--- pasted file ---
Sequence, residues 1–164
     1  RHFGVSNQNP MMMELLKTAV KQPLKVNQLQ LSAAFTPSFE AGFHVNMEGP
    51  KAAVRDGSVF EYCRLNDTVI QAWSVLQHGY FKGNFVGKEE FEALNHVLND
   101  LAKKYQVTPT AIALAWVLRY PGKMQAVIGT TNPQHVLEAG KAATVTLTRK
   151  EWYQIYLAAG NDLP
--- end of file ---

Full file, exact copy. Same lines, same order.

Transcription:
Sequence, residues 1–164
     1  RHFGVSNQNP MMMELLKTAV KQPLKVNQLQ LSAAFTPSFE AGFHVNMEGP
    51  KAAVRDGSVF EYCRLNDTVI QAWSVLQHGY FKGNFVGKEE FEALNHVLND
   101  LAKKYQVTPT AIALAWVLRY PGKMQAVIGT TNPQHVLEAG KAATVTLTRK
   151  EWYQIYLAAG NDLP